Chin quivers and tears stream slow as our nineteen year old tells of yet another rejection. Our hopes had been high. A nearby cabinet assembly factory needed help and the employment agency sent Zach, informing him it was a three week stint with opportunity for hire. We were all elated.
And then the balloon full of hope popped.
The three week stint lasted three days.
Our son, with invisible challenges stemming from prenatal exposure to alcohol, has never had a job. He’s hardly had any interviews. Not for lack of trying. He has applied everywhere we can think. He has enlisted the help of two employment agencies. Why does no one want him?
We live on a horse farm and we see first-hand how hard Zach works. Cleaning horse stalls and paddocks, hoisting hay bales, mowing pastures and trails in summer, snowplowing long gravel drive in winter. The list goes on and on.
Why does no one want him? Yes, he has issues. He has multiple challenges stemming from prenatal exposure to alcohol, birth trauma, and spending the first four years of his life in a Russian orphanage with meager care.
My mother heart hurts as I watch my boy trying to launch into adult life but unable to find his wings. College didn’t work. He doesn’t know what he wants to do except to make money.
So though it might sound trite, I hug him and say it’s not true. It’s not true that no one wants him. God wants him and I want him and the rest of our family wants him. And that’s a big start. That must count for something and comfort somehow in the loss. But I wonder . . .
What deep wounds linger and surface and burn every time there’s a rejection? Who would know, looking at Zach today, that his birth mother tried to rid her body of new life growing when she was but nineteen—his age today. He survived—barely. Something went horribly wrong and birth mother ended up in hospital where Zach entered the world not breathing two months premature. Revived and removed—mother’s rights terminated for proven attempt to kill—he went to live in an intensive care unit for several months before being transported to his new home—an orphanage for sixty children under the age of six on the outskirts of St. Petersburg, Russia.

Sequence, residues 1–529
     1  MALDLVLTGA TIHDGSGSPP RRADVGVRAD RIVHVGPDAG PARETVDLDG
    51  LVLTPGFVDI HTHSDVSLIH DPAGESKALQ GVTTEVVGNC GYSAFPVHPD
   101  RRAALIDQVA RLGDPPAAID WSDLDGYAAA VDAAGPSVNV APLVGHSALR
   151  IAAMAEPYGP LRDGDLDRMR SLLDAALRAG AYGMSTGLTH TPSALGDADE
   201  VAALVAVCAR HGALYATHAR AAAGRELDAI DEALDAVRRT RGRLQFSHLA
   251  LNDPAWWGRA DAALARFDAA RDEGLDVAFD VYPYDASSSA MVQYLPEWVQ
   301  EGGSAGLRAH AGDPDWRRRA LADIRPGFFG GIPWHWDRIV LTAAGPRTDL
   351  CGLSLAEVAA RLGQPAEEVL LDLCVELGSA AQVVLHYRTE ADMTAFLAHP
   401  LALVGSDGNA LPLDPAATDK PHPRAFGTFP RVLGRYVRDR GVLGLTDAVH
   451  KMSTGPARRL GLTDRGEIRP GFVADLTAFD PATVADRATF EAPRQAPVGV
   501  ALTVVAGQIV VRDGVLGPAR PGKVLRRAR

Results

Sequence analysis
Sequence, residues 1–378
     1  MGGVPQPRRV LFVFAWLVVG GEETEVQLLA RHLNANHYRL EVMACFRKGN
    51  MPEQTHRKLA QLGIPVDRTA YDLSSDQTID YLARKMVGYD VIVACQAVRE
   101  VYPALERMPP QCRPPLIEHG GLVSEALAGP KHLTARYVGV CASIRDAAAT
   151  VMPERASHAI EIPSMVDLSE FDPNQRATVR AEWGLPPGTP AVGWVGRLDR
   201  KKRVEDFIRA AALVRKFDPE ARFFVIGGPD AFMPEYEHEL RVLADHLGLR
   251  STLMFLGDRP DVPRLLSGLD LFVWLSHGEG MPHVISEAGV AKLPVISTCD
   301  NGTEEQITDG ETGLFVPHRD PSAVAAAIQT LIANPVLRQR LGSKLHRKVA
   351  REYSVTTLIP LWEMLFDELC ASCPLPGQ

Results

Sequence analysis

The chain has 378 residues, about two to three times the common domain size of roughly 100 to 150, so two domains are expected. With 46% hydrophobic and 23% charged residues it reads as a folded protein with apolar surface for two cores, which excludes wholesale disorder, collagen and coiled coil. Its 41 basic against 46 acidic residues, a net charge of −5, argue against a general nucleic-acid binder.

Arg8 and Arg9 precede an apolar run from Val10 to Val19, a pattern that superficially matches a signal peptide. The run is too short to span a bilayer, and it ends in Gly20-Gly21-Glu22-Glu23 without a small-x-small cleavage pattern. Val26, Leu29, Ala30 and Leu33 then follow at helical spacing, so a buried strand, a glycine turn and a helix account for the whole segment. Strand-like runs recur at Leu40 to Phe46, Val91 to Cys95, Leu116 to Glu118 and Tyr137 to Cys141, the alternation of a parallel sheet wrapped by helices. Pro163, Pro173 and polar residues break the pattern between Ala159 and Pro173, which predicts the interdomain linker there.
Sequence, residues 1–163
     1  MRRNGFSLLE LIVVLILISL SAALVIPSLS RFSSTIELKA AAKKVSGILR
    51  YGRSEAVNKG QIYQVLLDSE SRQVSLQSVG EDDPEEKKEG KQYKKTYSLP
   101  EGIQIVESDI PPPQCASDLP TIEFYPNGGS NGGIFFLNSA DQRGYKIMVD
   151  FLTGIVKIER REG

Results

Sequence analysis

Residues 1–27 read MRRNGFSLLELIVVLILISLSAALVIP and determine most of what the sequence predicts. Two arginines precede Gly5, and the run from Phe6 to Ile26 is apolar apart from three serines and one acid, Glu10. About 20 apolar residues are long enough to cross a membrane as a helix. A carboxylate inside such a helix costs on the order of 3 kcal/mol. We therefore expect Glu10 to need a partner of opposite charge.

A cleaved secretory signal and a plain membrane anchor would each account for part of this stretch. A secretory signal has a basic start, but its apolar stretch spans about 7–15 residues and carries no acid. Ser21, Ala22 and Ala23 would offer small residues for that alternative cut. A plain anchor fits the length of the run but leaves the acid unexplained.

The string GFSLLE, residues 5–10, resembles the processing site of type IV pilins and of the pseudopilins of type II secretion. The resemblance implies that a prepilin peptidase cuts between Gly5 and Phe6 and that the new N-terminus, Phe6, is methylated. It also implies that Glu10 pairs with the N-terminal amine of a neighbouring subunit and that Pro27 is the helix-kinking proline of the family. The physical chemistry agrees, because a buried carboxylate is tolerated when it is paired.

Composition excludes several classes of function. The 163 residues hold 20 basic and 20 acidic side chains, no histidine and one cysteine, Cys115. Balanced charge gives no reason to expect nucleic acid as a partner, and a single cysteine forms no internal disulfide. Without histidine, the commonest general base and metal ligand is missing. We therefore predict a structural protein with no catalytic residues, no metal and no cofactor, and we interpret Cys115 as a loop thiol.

And there he waited like all the others. For four years he watched like all the others. Couples came empty armed and left full. The children knew what it meant every time a new couple came. I saw it in their eyes both times we were there. Children’s eyes longing—arms reaching—orphanage worker pulling clinging girl off my leg as she cried, “Mama!” Were they thinking, “No one wants me” every time another couple left without them—every time another couple left with one of their friends instead? Our Anna was six before we came and had been passed over many times. She remembers best friends leaving, never to be seen again.
We all want to be wanted. We NEED to be wanted. But sometimes, in some stages, it’s hard to hold on. It’s hard to believe we’re wanted in the midst of human rejection.
Christ knows. He was rejected. He was well-acquainted with grief.
Christianity is the only religion that has a God who came down to the rejected. He reaches down to lift the lowly—to heal the brokenhearted—to claim the abandoned and unwanted. Our God is not the kind who makes us measure up—makes us apply for a position—who decides who gets in based on performance or looks or social status. Our God doesn’t wait for us to get up and reach up. He reaches down like the apple tree.
Fruit held high on branches lofty may look beautiful but who can pick? Who can access such heights? Our God doesn’t wait for us to build ladders to the heavens and ascend rung by rung. He reaches down. He offers His goodness to the lowly. He feed all who will come and receive freely. The God of the universe reaches down, down, down. He reaches into our most desperate, down places and offers Himself—all He possesses.
I want you.
And I still want you even when no one else does.
I don’t expect you to climb a ladder to perfection because I know you can’t. I know your legs are broken. I reached down and bent low. I walked the earth to feel what you feel, to know what you know, to seek and save the lost—the lonely—the lowest.
So, for now, there’s no job in site. But who we are—our worth—is not determined by a paycheck. Who we are—our worth—is determined by a God who reaches down and feeds when we’re hungry and shelters when we’re weary and raises when we’re wrecked. With every bit of God-fruit born on a cross-tree hung, He tells us . . .
Can that be enough in our times of wanting?